If you'd rather listen to this month's column as a podcast, you can download it here.
The "Silverlight/ WPF thing" has dominated some serious Internet fodder for years now. The rumors of both of their deaths and their dominance at the expense of each other have been speculated so many times before incorrectly that I believe it is best to regroup. So with this month's column, I will attempt to clarify where you'd use Silverlight and where you'd use Windows Presentation Foundation (WPF).
But first, let me start with defining just what both WPF and Silverlight are. Defining each of them, Silverlight and WPF, will help to clarify the contrast between them. And will help to clarify the roadmap for both of these technologies in the .NET stack.
First, here's what WPF and Silverlight are:
- They are both .NET; just as much as ASP.NET is .NET, both WPF and Silverlight are part of the .NET stack.
- They are both XAML based. XAML, short for Extensible Application Markup Language, is an XLM-like, tag-based language used to define user interfaces. XAML is declarative like HTML. Ultimately for the .NET developer, XAML is nothing more than a way to initialize and construct .NET objects. That .NET object might be a simple button on a form or some other sophisticated part of the user interface.
OK, now I'll try to define WPF—because WPF came first. WPF's code name was "Avalon," and it was initially released as part of .NET Framework 3.0, officially shipping in Windows Vista in November 2006. But what you might not know is that the Avalon was started back in 2001, even before .NET Framework 1.0 was released—from the team that originally developed Internet Explorer 4 DHTML support and the XMLHttpRequest API that enables AJAX. There is an awesome video interview on MSDN's Channel 9 site of Michael Wallent—the GM of the Microsoft Avalon Team and one of the original architects of WPF and Silverlight. When you are done reading my column and want to dive deeper into the WPF/Silverlight thing, I strongly encourage you to watch that 45-minute interview. In my opinion, it is the most interesting video interview on the entire MSDN site.
The Essence of WPF
OK, so WPF has been around a long time. But—what is it? Well, WPF is a .NET based graphical subsystem for rendering user interfaces in Windows-based applications. "Windows applications" is the key here. WPF is not cross platform; it only natively runs in Windows.
Microsoft has released four major versions of WPF to date: WPF 3.0 (November 2006), WPF 3.5 (November 2007), WPF 3.5 SP1 (August 2008), and WPF 4 (April 2010).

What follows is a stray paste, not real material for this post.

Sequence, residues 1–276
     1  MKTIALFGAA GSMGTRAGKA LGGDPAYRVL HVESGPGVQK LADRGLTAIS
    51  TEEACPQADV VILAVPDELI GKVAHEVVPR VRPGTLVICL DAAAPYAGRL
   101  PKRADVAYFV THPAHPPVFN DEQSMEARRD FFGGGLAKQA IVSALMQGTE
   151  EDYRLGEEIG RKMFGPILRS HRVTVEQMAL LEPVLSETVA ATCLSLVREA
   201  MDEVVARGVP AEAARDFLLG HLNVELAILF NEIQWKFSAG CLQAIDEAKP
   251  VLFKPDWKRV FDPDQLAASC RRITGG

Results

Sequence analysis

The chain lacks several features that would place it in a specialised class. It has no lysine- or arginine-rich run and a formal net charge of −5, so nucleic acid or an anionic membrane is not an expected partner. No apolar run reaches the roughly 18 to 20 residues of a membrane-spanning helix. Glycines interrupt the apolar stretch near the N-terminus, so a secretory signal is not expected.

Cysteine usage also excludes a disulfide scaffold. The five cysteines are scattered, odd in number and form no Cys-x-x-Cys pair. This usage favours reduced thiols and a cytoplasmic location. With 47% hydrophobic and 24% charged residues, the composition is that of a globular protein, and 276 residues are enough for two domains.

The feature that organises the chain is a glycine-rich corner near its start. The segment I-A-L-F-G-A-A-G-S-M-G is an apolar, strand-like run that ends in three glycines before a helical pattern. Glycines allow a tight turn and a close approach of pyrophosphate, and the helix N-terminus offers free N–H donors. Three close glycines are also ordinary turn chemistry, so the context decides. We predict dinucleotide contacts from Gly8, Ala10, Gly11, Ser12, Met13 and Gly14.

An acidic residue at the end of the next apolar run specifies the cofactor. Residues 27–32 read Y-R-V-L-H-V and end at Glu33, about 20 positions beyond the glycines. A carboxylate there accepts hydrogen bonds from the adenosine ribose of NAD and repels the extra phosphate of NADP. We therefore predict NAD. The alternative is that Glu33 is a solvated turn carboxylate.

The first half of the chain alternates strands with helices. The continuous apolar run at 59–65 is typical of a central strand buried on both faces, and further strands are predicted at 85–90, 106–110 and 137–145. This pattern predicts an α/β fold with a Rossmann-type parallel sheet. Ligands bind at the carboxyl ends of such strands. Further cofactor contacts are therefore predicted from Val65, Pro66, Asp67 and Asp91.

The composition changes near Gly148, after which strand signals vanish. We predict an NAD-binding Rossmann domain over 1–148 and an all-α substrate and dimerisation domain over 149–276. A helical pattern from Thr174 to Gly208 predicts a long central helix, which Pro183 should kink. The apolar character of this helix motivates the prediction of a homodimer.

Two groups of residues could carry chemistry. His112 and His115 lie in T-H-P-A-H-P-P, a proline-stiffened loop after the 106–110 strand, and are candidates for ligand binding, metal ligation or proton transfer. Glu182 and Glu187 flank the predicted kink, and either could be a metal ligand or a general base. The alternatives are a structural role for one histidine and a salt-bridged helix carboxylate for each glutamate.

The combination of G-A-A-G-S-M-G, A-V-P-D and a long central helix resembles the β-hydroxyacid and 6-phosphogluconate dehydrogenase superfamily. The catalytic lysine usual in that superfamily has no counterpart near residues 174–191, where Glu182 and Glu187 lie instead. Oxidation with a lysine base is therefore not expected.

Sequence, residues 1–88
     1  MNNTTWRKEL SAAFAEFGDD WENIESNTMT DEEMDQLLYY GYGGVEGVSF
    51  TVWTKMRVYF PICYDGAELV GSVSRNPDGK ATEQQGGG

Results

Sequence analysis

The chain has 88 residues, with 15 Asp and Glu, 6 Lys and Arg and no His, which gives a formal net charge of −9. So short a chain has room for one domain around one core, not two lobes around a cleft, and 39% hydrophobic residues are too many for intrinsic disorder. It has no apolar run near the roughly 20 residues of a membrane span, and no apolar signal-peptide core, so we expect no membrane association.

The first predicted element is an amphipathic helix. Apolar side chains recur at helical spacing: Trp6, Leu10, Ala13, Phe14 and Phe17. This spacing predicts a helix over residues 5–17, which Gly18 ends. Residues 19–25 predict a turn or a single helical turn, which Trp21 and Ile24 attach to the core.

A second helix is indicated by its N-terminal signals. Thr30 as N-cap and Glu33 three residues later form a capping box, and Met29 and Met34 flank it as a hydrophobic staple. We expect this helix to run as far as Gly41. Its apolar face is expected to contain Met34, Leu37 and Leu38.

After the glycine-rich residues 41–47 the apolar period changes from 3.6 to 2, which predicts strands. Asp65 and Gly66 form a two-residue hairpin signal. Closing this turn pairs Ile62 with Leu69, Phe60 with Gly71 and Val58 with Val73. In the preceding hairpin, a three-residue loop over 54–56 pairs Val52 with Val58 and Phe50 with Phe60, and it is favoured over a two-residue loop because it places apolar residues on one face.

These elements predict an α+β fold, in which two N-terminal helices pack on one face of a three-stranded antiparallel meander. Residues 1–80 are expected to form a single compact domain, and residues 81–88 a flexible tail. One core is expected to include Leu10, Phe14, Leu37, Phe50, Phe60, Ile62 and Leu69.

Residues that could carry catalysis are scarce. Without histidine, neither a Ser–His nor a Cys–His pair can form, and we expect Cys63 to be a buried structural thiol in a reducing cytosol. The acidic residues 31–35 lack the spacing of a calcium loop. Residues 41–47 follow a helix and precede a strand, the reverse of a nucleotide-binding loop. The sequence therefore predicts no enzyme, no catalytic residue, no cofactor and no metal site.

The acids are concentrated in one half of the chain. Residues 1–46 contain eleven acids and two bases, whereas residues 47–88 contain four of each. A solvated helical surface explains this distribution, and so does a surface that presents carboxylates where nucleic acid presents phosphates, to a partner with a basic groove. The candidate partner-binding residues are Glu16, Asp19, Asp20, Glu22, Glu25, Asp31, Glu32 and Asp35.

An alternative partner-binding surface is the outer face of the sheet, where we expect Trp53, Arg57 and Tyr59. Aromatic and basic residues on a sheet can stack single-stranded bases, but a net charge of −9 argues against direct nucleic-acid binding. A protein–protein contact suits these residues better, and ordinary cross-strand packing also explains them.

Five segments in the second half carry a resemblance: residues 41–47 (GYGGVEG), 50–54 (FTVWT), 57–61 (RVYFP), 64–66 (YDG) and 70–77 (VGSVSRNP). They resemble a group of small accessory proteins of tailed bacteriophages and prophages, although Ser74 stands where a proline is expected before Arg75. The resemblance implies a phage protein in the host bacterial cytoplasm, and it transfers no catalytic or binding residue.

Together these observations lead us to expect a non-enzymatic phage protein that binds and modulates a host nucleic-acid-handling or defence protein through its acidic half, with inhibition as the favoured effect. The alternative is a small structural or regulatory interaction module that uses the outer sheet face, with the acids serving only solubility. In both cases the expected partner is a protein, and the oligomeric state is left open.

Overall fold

Now many people get confused about WPF being cross platform because it runs on other devices like the Microsoft Surface. But, the Surface is nothing more than a Windows device; believe it or not, Windows Vista runs under the hood. And you will see WPF running on other devices coming from Microsoft in the immediate future. But ultimately, each of those are Windows devices.
OK, so WPF is Windows and its .NET and it's huge. In fact, as far as the surface of the API goes—meaning the amount of .NET Framework classes that exist for WPF, did you know that WPF is as big as Windows Forms and ASP.NET combined? It's huge. In that regard, it's much like the Win32 API, and that is why native programmers love WPF. It's rich, and it's elegant, and there's a way to do most everything, which for a framework like .NET is pretty impressive.
The Essence of Silverlight
So let's switch to Silverlight. Silverlight is a lightweight, cross-platform version of WPF. There are two keys here. The first is "lightweight." Silverlight's runtime packs into a small downloadable package that you acquire in the browser when you first touch a Silverlight site. Silverlight is 4.2mb, and there is a reason for that… because Flash, Silverlight's worthy competitor, is 4.2MB. Silverlight could easily be bigger, but 1) it has to compete with Flash and 2) no one on slow Internet connections wants to download anything huge in terms of runtimes just to use a website or application. So, Silverlight is just a tiny portion of WPF. Typically we say in WPF there are 10 ways to do everything, and that type of breadth makes it elegant—and in Silverlight you can do almost everything and there's only one way to do it, which makes Silverlight elegant in its simplicity.
The second key is "cross platform." Silverlight runs in the browser for broad reach… but not just one browser like Microsoft's Internet Explorer. It runs in all the major browsers on Windows, and it even runs on Safari on the Macintosh. There is no technical reason why there cannot be a Silverlight for every hardware and software platform, and for all we know there probably is. But, it's never all about software. So for example, Apple has decided that no runtimes are legally allowed to run on iPhones and iPads, so we don't have Silverlight for those Apple devices—yet… at least legally. But Silverlight does run natively on the new Windows Phone 7 smartphone. And the parity between the currently shipping browser-based version and the Windows Phone 7 version is excellent. So, if you're building Silverlight apps now, you are already a Windows Phone 7 developer.